RAINBOW: That’s true, although around the turn of the century, my greatgrandfather’s second wife traveled with the hobos before she married. For me, a lot of the draw of traveling is the history. I’ve always felt I was born too late and the eras in which I feel most comfortable are increasingly distant. In high school I thought that I should have been born in the ‘60’s; later I started wearing ‘40’s and ‘50’s clothes, and once I started reading classic literature, I felt sure that I belonged to the 19th century. Going forward didn’t seem to be getting us anywhere. Of course, my dreams were romantic, but the thrust was that I was going backwards, I was going old-fashioned.

RTE: Was your train riding as uncomfortable as Seth’s?

SETH: Her experience wasn’t uncomfortable, it was tragic.

RTE: Do you want to tell us about it?

RAINBOW: In the winter of 2007 I spent a month in Tucson, working at the big international Gem and Mineral Show. A lot of travelers stay there for the winter, because the climate is good and the show hires temporary labor. I needed to work because I had school loans to pay off.

RTE: You were working to pay your debts?

RAINBOW: Yes, I knew that the loans were my responsibility. I’d worked at the show selling fossils for Moroccans, and squatted with other travelers. Learning was there too, and after the show we decided to head to L.A. on a hotshot— a fast, high-priority train that has fewer stops. On the way we wanted to get off early to meet some friends near Niland, California. We were watching the road for traffic to see if we could hitchhike back from the next stop, but there weren’t any cars at all. We were thinking, “Oh man, hitch-hiking’s going to be so bad. We’ll end up walking thirty miles.” But when we saw the sign that said Niland, the train started slowing down. We got excited thinking it might stop, but when it got down to walking speed, it started speeding up. We thought, “Oh no, we’d better go now while we can,” but we took too long to get ready. Because I had a mandolin and a dog, I couldn’t just jump and roll. I had to climb down the ladder, jump off running and grab the dog from the door. I knew the train was going too fast, but I’d only ridden about a dozen times, and I didn’t yet know that if you get off with your trailing foot, the one behind you, you spin out away from the train. If you put down your leading foot, you spin towards the train. It’s natural momentum.

So, the train was going too fast and I got off with the leading foot and was instantly on the ground. As I was going down, I thought, “This is how people die on trains, this is how it happens.” It happened too fast to be scared, but I also knew it was too late. I didn’t die, of course, but I’d broken my back and my pelvis. Learning saw me go down and jumped off behind me with the dog and the mandolin. He helped take my pack off, then picked me up and tried to help me to the road. I couldn’t walk all the way, so he ran into town and got an ambulance. I had surgery, of course, and now I have a whopping hospital bill.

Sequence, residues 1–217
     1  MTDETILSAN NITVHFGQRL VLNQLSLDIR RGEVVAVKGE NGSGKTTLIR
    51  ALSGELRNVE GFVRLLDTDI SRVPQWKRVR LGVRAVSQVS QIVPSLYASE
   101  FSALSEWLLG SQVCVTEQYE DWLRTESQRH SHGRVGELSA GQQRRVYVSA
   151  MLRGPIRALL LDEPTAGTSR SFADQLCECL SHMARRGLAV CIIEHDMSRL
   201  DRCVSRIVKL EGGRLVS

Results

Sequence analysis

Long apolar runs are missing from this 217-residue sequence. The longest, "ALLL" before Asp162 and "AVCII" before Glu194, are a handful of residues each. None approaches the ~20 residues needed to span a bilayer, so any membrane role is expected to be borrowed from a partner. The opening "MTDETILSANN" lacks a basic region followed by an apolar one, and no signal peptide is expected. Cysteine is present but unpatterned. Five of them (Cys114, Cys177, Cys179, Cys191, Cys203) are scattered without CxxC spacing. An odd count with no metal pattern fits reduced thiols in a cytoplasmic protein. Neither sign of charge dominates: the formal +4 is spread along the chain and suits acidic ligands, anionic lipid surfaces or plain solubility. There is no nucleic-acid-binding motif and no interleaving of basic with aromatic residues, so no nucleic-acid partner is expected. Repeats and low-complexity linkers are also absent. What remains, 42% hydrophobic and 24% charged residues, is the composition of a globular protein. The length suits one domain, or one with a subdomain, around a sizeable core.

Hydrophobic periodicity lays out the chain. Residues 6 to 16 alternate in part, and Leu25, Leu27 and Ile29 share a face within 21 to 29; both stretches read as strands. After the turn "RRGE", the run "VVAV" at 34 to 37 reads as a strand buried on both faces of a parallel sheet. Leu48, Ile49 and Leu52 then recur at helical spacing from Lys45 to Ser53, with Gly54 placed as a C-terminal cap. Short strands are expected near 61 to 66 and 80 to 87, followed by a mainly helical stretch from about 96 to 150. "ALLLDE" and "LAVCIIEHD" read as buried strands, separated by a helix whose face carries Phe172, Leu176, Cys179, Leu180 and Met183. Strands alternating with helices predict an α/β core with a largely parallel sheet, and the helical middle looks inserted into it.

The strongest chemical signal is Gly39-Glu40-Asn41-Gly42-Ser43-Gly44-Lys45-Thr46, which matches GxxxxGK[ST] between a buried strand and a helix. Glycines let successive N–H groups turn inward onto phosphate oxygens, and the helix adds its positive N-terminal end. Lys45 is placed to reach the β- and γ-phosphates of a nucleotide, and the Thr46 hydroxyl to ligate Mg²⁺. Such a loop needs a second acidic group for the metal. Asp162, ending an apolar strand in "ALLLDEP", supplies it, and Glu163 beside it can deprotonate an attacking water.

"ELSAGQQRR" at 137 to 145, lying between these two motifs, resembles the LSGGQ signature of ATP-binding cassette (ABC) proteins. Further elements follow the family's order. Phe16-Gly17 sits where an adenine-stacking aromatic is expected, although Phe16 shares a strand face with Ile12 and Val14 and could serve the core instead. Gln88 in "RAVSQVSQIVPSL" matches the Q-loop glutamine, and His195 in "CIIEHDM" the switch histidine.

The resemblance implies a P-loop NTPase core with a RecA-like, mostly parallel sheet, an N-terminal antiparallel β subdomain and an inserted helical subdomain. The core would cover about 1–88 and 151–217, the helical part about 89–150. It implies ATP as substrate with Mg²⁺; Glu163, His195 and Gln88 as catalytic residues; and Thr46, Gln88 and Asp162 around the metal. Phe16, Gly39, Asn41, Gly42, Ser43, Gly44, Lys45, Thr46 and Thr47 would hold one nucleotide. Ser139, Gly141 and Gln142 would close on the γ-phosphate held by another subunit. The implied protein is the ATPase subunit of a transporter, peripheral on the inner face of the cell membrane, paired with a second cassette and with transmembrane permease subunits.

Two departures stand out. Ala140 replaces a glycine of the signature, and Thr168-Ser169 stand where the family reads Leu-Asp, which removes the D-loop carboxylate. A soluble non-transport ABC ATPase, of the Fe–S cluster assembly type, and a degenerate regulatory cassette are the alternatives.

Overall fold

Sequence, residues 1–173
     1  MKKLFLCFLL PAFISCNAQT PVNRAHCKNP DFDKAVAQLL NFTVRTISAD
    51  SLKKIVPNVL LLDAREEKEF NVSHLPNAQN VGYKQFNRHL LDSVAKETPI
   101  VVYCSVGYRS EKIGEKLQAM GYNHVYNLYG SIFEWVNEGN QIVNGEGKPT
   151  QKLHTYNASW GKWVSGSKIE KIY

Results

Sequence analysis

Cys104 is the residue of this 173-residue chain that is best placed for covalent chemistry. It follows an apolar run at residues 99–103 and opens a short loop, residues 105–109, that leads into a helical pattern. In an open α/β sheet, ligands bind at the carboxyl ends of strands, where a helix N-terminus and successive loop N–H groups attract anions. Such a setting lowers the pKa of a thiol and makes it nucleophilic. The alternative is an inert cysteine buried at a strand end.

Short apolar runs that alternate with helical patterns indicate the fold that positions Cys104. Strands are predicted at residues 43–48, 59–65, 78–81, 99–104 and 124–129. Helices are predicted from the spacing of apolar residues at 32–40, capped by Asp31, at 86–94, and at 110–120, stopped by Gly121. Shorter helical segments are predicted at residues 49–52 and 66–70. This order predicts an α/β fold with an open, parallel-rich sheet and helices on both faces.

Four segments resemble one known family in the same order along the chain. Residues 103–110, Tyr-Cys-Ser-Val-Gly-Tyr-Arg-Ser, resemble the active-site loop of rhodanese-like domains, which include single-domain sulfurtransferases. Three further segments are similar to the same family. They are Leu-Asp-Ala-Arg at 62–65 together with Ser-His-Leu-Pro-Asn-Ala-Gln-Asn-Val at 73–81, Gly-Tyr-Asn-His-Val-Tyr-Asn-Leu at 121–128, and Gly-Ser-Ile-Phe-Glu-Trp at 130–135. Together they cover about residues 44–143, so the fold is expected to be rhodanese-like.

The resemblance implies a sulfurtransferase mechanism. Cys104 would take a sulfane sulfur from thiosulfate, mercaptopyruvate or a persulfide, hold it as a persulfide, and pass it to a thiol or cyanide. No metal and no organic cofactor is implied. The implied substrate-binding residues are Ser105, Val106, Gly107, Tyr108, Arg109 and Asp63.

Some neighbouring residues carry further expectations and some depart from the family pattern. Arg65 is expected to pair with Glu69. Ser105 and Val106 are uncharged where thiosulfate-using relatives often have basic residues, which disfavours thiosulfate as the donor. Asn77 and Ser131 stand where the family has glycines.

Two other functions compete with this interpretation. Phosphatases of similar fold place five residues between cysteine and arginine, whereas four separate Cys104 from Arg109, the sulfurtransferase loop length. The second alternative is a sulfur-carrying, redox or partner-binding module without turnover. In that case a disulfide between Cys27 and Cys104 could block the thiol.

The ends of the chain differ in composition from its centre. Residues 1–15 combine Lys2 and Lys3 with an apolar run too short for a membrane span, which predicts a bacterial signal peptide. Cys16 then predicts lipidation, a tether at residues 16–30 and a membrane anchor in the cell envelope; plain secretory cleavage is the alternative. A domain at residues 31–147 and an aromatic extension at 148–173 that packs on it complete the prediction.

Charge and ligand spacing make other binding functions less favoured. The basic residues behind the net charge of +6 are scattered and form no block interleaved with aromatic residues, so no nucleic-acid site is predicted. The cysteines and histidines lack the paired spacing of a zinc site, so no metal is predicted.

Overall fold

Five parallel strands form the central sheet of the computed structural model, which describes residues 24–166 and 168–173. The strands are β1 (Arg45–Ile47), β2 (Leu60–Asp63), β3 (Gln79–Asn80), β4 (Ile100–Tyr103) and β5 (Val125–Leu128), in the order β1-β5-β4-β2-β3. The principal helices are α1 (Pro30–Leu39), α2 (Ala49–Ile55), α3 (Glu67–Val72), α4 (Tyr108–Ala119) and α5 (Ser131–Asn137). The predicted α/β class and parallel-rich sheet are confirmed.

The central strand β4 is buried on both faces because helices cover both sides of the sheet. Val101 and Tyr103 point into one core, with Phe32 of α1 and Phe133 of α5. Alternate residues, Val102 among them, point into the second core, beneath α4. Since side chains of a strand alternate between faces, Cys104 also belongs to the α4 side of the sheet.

So riding trains is largely over-romanticized and I want to make sure that our lifestyle doesn’t come across like that in this article. It is a wonderfully freeing way to live, but it’s a dangerous way to live. It’s not for everyone and it’s not just a cool thing to do. Riding trains can be a status thing for some people. They think, “I’m cool because I ride trains, but you only hitch-hike. You’re not a real traveler.” I once met a kid who boasted of having ridden fifty trains in the past month. That’s like twice a day of doing nothing but riding trains for the sake of riding trains. For us it was a way to get somewhere. seth: If anyone reading this wants to be free, we’re telling them right now that they don’t have to go out and ride trains. In fact, if they feel drawn to it, I’d say “Don’t.” That’s not how it works. It’s too dangerous.

RAINBOW: The traveler community was amazing though. I was in the hospital for nine days (the first four waiting for surgery) and thirteen travelers came from five different states when they heard I’d been hurt, to see what they could do. They read to me and took me outside as soon as I was allowed.

RTE: How long before you could walk?

RAINBOW: I walked ten feet the day after surgery, and was out of the hospital three days later.

RTE: Have you jumped a train since?

RAINBOW: I didn’t for almost three years. Mostly because my focus had changed to learning about Orthodoxy and paying off my debt. At first my pride told me that I had to ride again to prove that I hadn’t been conquered by fear, but I had to accept that it was alright if I didn’t ride trains anymore; I had to let my heart and motives shift. By the time I did start riding trains again I wasn’t afraid, I wasn’t trying to prove anything. I was just riding the rails with good friends, trying to get around.

RTE: Rainbow, when did you start feeling a mesh between Orthodoxy and your personal values of voluntary poverty, of helping others out?

RAINBOW: Mine was definitely a process. After I’d broken my back and begun traveling again, it was spiritually a really uncomfortable time for me. I felt as if I was losing my grasp on everything I’d believed in. I’d been to so many churches and seen so many Christians, all of whom believed something different. I thought, “If everyone’s just making this up for themselves, then I don’t really care to follow it. I don’t want something I make up for myself.”